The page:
New postgraduate law offering

26 July 2004

The South African workplace is busy transforming itself more rapidly than most countries due to a cluster of new labour laws, as well as the opening up of the South African economy after 1994. To help people gain an in-depth understanding of the changes in law and the workplace, the law faculty is offering a new postgraduate programme, Workplace Change and Labour Law.

This examines the major laws as well as the Labour Relations Act, Basic Conditions of Employment Act, Employment Equity Act, and the Skills Development Act, and assesses how they affect work organisation and employment relations.

The programme deals with important questions: are the labour laws providing management with sufficient flexibility or not? Do the labour laws facilitate or hinder employment creation? Is employment equity increasing innovation and creativity through diversity or undermining international competitiveness?

Books on the reading lists include the latest edition of the prestigious Labour Relations Law: A Comprehensive Guide by D du Toit et al; Job Creation and Labour Law: From Protection to Pro-action, edited by Marco Biagi and Labour Standards and International Competitiveness: A Comparative Analysis of Developing and Industrialised Countries by André Raynauld and Jean-Pierre Vidal.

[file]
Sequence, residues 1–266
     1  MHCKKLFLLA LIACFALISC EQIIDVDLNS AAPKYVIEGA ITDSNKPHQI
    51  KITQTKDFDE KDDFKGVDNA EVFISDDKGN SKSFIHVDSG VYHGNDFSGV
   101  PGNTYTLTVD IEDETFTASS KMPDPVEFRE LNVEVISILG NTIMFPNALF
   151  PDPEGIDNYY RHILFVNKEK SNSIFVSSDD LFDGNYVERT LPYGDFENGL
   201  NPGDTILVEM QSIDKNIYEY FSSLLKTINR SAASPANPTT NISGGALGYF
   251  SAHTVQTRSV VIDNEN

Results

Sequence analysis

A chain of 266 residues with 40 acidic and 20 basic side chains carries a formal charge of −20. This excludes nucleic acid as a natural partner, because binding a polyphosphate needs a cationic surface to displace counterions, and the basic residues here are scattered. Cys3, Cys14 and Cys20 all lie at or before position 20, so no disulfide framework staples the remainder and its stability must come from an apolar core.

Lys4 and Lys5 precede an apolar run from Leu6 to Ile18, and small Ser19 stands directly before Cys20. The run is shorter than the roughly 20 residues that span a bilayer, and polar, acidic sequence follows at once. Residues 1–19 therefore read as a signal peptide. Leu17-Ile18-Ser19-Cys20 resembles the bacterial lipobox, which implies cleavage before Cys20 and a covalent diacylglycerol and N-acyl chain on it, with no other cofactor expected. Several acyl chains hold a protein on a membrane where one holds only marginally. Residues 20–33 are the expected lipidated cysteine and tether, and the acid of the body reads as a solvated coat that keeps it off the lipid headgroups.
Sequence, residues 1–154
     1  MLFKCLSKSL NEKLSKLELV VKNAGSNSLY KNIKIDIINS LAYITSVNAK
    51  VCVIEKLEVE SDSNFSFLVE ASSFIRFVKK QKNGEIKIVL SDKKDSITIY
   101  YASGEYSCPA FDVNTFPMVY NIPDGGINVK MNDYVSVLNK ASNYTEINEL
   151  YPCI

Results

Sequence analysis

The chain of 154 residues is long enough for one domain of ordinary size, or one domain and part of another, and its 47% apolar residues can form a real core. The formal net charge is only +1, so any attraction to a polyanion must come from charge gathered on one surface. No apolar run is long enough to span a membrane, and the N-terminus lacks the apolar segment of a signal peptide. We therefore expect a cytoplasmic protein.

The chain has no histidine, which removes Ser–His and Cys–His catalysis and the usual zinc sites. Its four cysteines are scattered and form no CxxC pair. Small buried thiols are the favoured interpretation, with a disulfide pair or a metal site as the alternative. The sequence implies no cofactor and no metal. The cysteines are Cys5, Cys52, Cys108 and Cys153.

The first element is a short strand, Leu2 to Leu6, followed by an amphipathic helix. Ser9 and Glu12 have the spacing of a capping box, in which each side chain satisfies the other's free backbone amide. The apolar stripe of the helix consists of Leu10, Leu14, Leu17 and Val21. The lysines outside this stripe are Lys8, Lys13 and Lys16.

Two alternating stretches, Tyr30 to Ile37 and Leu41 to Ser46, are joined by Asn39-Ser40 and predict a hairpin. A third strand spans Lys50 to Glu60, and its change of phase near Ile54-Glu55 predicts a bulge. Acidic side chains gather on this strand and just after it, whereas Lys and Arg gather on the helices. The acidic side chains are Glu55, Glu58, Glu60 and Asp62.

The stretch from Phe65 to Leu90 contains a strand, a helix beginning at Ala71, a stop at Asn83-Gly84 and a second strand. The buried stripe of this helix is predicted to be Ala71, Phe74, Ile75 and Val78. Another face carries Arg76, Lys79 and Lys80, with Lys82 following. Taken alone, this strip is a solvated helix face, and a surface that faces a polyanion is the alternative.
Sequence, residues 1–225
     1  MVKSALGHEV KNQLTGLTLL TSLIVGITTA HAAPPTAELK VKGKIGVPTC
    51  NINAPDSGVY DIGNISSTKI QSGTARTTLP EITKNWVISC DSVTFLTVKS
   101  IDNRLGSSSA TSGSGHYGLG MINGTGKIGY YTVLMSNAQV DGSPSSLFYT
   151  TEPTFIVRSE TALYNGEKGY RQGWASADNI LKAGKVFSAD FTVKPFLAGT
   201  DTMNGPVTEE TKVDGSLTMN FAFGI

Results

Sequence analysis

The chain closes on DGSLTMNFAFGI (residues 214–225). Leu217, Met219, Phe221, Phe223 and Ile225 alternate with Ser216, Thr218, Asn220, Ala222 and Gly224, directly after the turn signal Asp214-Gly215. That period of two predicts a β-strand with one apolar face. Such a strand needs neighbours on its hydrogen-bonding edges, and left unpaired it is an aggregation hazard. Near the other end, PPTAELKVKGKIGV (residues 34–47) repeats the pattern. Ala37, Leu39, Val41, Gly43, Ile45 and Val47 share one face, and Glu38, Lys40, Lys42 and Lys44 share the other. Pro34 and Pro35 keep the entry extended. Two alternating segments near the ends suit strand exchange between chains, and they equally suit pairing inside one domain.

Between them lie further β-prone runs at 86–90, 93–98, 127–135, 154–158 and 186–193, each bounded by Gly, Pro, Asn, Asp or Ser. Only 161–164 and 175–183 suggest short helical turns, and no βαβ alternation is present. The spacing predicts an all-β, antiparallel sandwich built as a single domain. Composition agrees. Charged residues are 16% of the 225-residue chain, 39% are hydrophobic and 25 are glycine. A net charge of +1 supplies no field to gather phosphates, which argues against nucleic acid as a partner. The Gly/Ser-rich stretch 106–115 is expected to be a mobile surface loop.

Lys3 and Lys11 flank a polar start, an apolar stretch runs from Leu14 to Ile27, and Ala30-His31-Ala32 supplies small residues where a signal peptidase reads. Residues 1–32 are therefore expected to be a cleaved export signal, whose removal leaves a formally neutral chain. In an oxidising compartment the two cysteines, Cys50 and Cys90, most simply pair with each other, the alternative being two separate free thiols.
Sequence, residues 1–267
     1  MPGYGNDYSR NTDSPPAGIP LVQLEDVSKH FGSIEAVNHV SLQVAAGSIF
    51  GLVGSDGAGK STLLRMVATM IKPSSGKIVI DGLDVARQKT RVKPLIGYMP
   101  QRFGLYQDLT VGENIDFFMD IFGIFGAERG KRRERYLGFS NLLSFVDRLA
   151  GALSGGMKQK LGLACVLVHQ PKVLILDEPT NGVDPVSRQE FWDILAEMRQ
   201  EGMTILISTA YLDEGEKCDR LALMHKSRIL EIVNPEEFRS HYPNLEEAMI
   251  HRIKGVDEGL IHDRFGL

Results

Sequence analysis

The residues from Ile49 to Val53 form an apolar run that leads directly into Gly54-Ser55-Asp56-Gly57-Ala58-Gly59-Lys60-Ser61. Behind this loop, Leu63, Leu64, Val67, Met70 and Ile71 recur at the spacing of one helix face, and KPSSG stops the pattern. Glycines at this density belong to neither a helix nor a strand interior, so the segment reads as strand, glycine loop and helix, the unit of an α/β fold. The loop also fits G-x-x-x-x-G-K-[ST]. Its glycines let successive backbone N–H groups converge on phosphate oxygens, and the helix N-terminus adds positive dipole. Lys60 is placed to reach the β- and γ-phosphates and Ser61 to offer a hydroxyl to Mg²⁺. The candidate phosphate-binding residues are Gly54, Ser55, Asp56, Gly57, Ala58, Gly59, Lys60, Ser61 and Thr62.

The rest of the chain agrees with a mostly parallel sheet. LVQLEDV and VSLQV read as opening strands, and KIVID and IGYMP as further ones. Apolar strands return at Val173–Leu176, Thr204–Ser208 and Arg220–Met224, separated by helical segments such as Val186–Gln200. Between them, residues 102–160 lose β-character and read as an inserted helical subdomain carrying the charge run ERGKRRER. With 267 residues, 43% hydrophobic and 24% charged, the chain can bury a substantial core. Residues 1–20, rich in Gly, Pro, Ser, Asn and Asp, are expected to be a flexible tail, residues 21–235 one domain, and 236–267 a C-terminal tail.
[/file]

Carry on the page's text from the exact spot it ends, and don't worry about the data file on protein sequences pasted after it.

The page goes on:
Up to two of the four annual courses full-time students have to complete are on labour law. The other two courses focus on crucial contemporary issues in the workplace, such as employment equity, skills development and labour relations. The programme also includes carefully selected South African case studies.

Workplace Change and Labour Law is an interdisciplinary programme with courses ranging from law to sociology and education. Student can also opt to spend either one or two years in the programme (full-time) or to do the programme on a part-time basis. The one-year programme leads to an honours degree (if you hold only a bachelor's degree) and the two-year progamme to an MPhil.

Participants are also required to complete a mini-dissertation on a related research project chosen from the complete field of workplace change and labour law. Or they could include, but are not restricted to, topics such as:

  • company case studies on the implementation of employment equity or skills development
  • dispute resolution and the role of the CCMA
  • trends in the outsourcing and subcontracting of labour
  • the compatibility of bargaining councils and small businesses
  • an evaluation of a particular SETA and its ability to provide skills development
  • worker participation in an enterprise and its impact on job satisfaction and company performance.

Books students will encounter on the course include Work, Employment and Society: Ten Years of Restructuring Post-Apartheid Workplaces, edited by Edward Webster and Karl von Holdt; Shifting Understandings of Skills in South Africa: Overcoming the Historical Imprint of a Low Skills Regime, edited by S McGrath et al; Transition from Below: Forging Trade Unionism and Workplace Change in South Africa, by Karl von Holdt, and Employment Equity and Affirmative Action: An International Comparison, by H Jain, P Sloane and F Horwitz.

For further information contact Shane Godfrey in the law faculty, tel 650 5636, e-mail, or Professor Johann Maree in the humanities faculty, tel 650 3510, e-mail

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